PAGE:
To find the best returns on Kyiv’s real market, property investors should find an experienced broker to help them navigate the pitfalls of the property search process. The quickest way to secure solid returns on your real estate investment remains the purchase of a fixer-upper apartment in Kyiv’s city center (preferably in the Golden Gate area). Investors who are not interested in buying apartments in older buildings will have to content themselves with lower returns on their initial investments unless they somehow get lucky and are able to buy at pre-construction prices in the right location. Meanwhile, the investment potential for the urban renewal of historical buildings in Kyiv’s downtown is immense, but so are the challenges facing investors who are ready to take on this considerable challenge.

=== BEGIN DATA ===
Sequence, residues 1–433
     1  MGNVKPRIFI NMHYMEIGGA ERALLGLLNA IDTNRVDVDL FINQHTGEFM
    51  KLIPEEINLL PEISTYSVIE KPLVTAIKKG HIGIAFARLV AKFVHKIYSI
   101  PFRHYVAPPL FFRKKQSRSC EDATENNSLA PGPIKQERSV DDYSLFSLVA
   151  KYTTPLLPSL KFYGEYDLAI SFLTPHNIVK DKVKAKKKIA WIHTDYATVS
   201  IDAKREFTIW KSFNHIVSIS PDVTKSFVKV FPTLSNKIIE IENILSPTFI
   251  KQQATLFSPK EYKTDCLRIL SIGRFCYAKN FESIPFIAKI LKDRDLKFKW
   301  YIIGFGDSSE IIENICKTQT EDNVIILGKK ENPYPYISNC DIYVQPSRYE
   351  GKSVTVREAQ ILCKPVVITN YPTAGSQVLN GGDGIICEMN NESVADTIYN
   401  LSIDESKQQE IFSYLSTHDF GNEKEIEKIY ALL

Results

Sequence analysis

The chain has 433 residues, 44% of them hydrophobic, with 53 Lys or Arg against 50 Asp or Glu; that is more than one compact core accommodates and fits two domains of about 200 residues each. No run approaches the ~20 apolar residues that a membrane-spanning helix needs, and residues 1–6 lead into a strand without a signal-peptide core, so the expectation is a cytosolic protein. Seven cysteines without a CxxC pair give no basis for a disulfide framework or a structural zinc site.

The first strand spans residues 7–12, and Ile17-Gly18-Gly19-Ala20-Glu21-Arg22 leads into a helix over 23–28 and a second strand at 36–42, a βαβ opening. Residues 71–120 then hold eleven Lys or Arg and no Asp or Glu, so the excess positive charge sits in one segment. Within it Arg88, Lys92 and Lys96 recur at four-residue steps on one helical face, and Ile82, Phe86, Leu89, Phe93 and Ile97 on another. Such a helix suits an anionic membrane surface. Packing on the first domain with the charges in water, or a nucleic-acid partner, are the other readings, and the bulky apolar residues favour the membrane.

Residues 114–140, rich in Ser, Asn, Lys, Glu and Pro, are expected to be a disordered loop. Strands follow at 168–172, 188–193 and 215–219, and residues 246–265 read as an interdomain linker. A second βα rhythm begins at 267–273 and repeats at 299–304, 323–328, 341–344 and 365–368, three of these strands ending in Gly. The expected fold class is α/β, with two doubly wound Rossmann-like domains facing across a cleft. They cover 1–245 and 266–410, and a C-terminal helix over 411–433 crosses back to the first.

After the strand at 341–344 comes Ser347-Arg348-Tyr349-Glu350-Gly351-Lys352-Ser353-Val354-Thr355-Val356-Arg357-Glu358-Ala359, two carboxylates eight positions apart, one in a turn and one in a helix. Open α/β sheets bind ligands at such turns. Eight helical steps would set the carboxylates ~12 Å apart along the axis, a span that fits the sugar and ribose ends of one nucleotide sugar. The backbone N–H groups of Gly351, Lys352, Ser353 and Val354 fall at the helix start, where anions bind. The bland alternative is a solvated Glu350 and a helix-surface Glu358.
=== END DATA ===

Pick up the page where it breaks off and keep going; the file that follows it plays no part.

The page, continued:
About the author: Tim Louzonis (This email address is being protected from spambots. You need JavaScript enabled to view it.) is a co-founder of AIM Realty Kiev, a real estate agency that specializes in real estate for foreign expats. Tim is a long-time expat with Ukrainian roots; he first came to Ukraine as an exchange student in 1993 and returned in 2008